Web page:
[German version] General Roman term for toll. Originally imposed probably only in ports ( portus; [1. s. v.], however, derives portorium from porta, 'gate, door'), extended with the spread of Roman rule in Italy and the provinces to all land and sea tolls. The collection of p. was leased to companies (Publicani), which used the additional services of an extensive staff of slaves and freed slaves, the portitores ('toll officials'). From the 2nd century AD onwards the state Gradually collected tolls with its own personnel (cf. Procurator). For tollable goods, ra…

Citizenship

(235 words)

Author(s): Eder, Walter (Berlin)
[German version] In Graeco-Roman antiquity terms comparable to the modern term citizenship,   politeía (πολιτεία) and   civitas , originally not only designated individual rights but also the totality of citizens, the political organization of citizens in the sense of a constitution and an autonomous community. Citizenship was usually attained by being born to parents with citizenship (  conubium ) or granted by resolution of the community or an authorized person, in Rome also through private manumission from slavery (  manumissio ). Admission to citizensh…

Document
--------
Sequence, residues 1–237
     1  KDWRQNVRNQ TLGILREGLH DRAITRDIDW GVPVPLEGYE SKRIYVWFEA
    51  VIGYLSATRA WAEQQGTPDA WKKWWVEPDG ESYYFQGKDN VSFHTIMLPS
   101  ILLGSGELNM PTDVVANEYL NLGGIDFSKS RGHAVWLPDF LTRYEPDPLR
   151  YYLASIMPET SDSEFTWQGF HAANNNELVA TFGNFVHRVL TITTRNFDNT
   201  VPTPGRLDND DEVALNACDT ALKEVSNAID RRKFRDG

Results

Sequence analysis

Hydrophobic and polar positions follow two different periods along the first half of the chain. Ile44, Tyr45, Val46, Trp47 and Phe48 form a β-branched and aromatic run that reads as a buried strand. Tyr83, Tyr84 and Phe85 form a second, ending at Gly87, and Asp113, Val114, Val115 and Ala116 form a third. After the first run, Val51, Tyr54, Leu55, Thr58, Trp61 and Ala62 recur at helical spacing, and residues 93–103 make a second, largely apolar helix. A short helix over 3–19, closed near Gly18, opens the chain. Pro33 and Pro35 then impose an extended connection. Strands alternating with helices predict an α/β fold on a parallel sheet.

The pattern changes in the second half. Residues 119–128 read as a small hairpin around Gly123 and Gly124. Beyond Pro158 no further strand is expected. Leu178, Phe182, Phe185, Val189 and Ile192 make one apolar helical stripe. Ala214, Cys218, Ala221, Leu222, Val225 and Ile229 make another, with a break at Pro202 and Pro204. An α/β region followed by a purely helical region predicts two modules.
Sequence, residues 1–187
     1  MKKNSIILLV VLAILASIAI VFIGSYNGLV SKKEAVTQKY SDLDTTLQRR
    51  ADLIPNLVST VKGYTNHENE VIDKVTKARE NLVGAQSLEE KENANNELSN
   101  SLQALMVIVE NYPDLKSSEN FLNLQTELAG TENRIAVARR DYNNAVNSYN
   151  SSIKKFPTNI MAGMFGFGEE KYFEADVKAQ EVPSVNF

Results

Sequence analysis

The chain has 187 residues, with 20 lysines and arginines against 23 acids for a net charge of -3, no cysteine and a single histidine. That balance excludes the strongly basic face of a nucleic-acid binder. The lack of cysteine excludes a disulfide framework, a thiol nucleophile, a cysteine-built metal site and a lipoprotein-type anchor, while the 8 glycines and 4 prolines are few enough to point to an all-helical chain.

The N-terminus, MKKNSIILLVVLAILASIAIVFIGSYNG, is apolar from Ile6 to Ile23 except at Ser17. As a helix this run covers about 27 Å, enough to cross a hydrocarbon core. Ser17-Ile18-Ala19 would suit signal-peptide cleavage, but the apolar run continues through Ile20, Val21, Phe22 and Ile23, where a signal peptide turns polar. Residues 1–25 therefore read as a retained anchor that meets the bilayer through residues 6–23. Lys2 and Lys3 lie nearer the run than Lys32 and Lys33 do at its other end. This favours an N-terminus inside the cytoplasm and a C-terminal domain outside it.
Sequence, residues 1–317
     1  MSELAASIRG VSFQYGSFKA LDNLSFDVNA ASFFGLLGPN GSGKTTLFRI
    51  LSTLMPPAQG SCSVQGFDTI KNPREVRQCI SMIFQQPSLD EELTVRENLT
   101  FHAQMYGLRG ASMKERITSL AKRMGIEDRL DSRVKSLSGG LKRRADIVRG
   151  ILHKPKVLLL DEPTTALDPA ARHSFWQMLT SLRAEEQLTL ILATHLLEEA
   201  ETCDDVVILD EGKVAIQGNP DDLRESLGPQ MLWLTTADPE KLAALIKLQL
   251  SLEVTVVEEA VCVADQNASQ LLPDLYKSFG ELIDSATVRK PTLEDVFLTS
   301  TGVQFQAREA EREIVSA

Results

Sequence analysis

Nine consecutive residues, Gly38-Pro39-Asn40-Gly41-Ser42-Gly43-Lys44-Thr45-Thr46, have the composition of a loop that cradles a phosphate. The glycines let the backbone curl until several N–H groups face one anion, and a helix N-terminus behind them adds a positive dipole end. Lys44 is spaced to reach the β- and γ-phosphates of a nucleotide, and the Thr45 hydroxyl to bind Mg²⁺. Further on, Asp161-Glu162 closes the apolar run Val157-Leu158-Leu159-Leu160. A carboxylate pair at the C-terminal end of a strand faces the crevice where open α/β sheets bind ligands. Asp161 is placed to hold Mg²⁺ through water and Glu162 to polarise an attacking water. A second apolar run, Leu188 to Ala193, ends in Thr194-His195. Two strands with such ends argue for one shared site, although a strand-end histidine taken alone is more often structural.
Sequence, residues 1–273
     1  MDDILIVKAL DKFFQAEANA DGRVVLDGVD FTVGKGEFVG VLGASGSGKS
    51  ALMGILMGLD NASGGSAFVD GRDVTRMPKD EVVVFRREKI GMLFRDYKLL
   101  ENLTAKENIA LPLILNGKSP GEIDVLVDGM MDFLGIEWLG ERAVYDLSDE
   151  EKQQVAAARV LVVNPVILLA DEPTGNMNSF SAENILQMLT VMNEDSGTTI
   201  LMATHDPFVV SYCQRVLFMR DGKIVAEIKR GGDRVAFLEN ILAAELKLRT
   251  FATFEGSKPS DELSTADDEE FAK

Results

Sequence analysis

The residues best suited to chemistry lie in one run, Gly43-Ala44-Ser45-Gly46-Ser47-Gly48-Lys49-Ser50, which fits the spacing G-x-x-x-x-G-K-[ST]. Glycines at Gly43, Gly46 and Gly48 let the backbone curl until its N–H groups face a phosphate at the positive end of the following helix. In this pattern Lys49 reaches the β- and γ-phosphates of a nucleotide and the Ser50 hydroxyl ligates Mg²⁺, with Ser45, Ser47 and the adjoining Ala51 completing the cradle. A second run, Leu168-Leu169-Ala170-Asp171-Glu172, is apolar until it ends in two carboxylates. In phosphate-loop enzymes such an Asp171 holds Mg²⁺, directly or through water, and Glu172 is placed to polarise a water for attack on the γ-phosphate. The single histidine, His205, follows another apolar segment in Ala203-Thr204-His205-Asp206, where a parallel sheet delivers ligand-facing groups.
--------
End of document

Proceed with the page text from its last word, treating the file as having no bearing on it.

Flavian Dynasty

(738 words)

Author(s): Eder, Walter (Berlin)
[German version] Modern term for two series of Roman emperors in the 1st and 3rd/4th cents. AD, who were descended from the same family: one series of succession was founded in AD 69 by T. Flavius  Vespasianus (69-79) and was continued to AD 96 by his sons  Titus [3] (79-81) and  Domitianus [1] (81-96); the other series, which is occasionally called the ‘Second Flavian Dynasty’, was founded by the house of Flavius Valerius  Constantinus [1] I, which fictively began with (Flavius)  Claudius [III 2]…

Philanthropa

(151 words)

Author(s): Eder, Walter (Berlin)
[German version] (φιλάνθρωπα/ philánthrōpa, neuter? pl. 'philanthropic <decrees>'). Specific, publicly announced measures by the Ptolemaic kings on economic and/or political preferential treatment (e.g. tax reduction, amnesty) for the population of the kingdom or certain groups (see Ptolemaeus [9] VI. Philometor; Ptolemaeus [12] VIII. Euergetes II.). As a rule, the philanthropa's aim was to prevent unrest which was threatening or had already arisen, and of also increasing the favourable reception of the respective ruler. On inscriptions in Hell…

Butilinus

(87 words)

Author(s): Eder, Walter (Berlin)
[German version] Alemannic duke in Frankish service. In AD 539, he accompanied king Theudebert I on a campaign to Italy. In 552, B. accepted a request for help by the Goths and, on his own initiative, crossed Italy together with his brother Leuthari and reportedly 75,000 men down to the straits of Messina. After great success ini- tially, the venture came to an end in 554 near Casilinum where B. lost a battle against Narses and his life as well. PLRE 3A, 253f. Eder, Walter (Berlin)

Troezen inscription

(242 words)

Author(s): Eder, Walter (Berlin)